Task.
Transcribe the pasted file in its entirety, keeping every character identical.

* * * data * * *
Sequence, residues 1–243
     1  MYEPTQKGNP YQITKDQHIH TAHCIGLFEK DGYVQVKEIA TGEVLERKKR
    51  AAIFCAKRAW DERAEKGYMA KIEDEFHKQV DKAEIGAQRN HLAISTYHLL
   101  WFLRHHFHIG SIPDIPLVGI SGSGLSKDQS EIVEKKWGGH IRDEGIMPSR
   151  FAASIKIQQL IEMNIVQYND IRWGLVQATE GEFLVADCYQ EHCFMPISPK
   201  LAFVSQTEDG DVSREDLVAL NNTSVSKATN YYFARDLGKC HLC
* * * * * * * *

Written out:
Sequence, residues 1–243
     1  MYEPTQKGNP YQITKDQHIH TAHCIGLFEK DGYVQVKEIA TGEVLERKKR
    51  AAIFCAKRAW DERAEKGYMA KIEDEFHKQV DKAEIGAQRN HLAISTYHLL
   101  WFLRHHFHIG SIPDIPLVGI SGSGLSKDQS EIVEKKWGGH IRDEGIMPSR
   151  FAASIKIQQL IEMNIVQYND IRWGLVQATE GEFLVADCYQ EHCFMPISPK
   201  LAFVSQTEDG DVSREDLVAL NNTSVSKATN YYFARDLGKC HLC